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In the book "Deep Learning with Python" by Francois Chollet (2018), in section 1.2.4 one can find:

Decisions trees learned from data began to receive significant research interest in the 2000s, and by 2010 they were often preferred to kernel methods.

...

In particular, the Random Forest algorithm introduced a robust, practical take on decision-tree learning that involves building a large number of specialized decision trees and then ensembling their outputs. Random forests are applicable to a wide range of problems—you could say that they’re almost always the second-best algorithm for any shallow machine-learning task. When the popular machine-learning competition website Kaggle (http://kaggle.com) got started in 2010, random forests quickly became a favorite on the platform—until 2014, when gradient boosting machines took over.

It sounds for me like the author trying to draw this kind of the evolution of classification methods:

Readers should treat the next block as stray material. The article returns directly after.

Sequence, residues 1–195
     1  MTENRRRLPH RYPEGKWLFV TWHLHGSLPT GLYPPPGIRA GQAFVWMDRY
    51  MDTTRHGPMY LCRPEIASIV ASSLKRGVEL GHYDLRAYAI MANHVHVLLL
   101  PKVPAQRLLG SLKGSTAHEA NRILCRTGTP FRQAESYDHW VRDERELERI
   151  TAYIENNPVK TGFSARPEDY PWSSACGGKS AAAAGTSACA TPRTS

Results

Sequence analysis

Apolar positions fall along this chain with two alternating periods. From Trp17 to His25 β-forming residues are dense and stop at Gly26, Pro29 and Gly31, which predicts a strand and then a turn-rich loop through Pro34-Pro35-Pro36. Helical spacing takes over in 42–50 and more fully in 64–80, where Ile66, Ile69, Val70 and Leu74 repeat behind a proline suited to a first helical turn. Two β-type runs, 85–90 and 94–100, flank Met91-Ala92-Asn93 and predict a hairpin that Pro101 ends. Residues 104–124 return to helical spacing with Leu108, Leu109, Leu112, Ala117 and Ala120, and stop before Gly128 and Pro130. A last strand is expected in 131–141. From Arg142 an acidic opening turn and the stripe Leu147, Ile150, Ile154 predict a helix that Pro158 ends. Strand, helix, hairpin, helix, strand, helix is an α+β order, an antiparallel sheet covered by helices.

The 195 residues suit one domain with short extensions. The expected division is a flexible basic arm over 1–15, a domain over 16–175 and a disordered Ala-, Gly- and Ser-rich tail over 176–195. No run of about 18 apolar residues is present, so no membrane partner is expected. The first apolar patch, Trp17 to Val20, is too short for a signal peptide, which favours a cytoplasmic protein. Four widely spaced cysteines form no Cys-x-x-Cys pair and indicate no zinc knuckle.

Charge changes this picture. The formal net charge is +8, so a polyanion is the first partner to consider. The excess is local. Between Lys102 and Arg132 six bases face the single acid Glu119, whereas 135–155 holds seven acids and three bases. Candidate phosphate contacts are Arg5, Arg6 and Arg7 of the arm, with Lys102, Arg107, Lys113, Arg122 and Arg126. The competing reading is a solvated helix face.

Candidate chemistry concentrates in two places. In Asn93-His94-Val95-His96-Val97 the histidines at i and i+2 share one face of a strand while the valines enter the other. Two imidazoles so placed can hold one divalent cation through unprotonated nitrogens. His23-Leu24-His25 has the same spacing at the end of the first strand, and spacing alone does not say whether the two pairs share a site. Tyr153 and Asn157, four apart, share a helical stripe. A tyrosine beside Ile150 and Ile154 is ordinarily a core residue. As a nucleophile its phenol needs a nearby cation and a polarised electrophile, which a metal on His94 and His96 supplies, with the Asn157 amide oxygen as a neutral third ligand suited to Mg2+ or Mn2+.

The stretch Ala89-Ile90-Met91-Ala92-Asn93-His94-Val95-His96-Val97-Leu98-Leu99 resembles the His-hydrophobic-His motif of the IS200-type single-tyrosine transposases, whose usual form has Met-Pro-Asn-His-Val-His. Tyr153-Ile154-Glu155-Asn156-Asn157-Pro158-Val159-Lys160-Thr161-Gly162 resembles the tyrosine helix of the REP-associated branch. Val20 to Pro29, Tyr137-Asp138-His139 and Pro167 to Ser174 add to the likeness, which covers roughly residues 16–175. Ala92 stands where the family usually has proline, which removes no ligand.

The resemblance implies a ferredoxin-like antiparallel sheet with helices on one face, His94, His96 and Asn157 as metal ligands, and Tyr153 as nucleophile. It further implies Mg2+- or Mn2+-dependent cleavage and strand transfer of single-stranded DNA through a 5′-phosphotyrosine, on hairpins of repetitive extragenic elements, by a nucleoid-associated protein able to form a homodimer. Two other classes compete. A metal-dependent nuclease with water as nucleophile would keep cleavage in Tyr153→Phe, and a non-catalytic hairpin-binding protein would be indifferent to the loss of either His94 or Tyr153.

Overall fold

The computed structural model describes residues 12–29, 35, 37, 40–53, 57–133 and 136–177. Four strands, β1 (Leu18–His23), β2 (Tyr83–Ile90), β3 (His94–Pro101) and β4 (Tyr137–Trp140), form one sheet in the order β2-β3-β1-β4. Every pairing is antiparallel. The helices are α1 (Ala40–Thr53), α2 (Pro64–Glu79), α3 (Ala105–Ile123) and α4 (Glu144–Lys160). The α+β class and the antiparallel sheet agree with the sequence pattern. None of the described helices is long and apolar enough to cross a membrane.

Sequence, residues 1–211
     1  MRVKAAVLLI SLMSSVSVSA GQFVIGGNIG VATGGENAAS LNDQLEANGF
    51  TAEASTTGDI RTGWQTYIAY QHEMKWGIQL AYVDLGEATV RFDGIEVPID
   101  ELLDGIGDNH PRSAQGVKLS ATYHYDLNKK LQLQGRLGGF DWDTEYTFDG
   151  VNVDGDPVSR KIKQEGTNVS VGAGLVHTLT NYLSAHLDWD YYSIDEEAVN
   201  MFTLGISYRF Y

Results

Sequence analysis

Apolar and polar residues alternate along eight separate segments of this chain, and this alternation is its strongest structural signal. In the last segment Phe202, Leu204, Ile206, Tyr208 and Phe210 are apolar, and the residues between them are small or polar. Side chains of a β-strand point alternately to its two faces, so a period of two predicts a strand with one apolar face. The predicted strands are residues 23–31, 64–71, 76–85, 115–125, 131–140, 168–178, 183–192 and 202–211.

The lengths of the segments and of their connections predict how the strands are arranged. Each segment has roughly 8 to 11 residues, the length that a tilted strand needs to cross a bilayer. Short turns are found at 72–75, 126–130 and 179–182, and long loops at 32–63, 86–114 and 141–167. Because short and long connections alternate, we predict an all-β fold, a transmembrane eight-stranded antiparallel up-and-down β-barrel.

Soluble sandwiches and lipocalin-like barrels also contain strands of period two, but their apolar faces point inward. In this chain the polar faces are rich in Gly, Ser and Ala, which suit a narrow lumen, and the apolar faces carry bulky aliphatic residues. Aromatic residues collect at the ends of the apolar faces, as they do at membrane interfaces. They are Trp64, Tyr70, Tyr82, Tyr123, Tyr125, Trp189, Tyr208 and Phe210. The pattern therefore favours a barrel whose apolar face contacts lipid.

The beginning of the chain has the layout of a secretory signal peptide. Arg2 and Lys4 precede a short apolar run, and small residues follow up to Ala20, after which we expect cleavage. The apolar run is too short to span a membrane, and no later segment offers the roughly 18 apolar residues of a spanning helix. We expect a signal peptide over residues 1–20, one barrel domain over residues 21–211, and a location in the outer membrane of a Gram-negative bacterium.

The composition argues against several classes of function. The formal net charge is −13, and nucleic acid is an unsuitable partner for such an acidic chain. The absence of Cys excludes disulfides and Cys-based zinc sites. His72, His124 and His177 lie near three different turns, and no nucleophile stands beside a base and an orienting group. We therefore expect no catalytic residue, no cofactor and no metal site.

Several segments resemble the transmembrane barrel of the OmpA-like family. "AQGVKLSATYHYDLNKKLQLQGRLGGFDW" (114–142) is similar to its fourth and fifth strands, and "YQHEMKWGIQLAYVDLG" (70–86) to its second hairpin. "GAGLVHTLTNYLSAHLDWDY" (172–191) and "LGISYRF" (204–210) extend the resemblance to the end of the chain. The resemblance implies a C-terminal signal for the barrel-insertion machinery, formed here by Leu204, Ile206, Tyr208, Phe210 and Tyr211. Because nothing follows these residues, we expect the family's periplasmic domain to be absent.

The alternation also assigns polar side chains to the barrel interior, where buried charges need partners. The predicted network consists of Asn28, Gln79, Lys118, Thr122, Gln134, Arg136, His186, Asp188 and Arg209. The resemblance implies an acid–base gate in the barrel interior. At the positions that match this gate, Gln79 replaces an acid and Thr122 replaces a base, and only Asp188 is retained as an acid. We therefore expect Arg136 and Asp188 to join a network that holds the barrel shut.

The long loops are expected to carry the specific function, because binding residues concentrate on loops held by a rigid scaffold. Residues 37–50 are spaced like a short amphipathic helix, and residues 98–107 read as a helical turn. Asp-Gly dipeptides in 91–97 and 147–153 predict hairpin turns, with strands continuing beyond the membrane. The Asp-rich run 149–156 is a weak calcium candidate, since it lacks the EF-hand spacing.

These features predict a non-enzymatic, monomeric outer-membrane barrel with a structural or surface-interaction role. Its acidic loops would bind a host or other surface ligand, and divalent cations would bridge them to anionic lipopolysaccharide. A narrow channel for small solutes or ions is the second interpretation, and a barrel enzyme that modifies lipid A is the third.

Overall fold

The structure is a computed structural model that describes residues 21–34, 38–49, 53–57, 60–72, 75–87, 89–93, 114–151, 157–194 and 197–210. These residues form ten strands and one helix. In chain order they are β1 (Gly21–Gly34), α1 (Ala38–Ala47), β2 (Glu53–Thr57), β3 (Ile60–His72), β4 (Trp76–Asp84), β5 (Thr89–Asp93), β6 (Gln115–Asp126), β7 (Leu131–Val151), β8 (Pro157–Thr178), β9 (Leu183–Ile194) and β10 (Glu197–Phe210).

| Method            | From | To           |
|-------------------|------|--------------|
| Kernel Methods    | ...  | 2000         |
| Decision Trees    | 2000 | 2010         |
| Random Forest     | 2010 | 2014         |
| Gradient Boosting | 2014 | Today (2019) |

Is Gradient Boosting the most popular library nowadays?

Is it can be universally applicable for any cases?

What do you think?

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Gradient Boosting performs well for problems that have a medium amount of tabular data. Many problems on Kaggle are in that style.

Currently, Deep Learning holds many of the state-of-the-art benchmarks. Deep Learning generally performs better as the amount of data grows. Deep Learning performs better on other types of data (images and text).

No single machine learning algorithm is best in all cases, often called the "no free lunch theorem".

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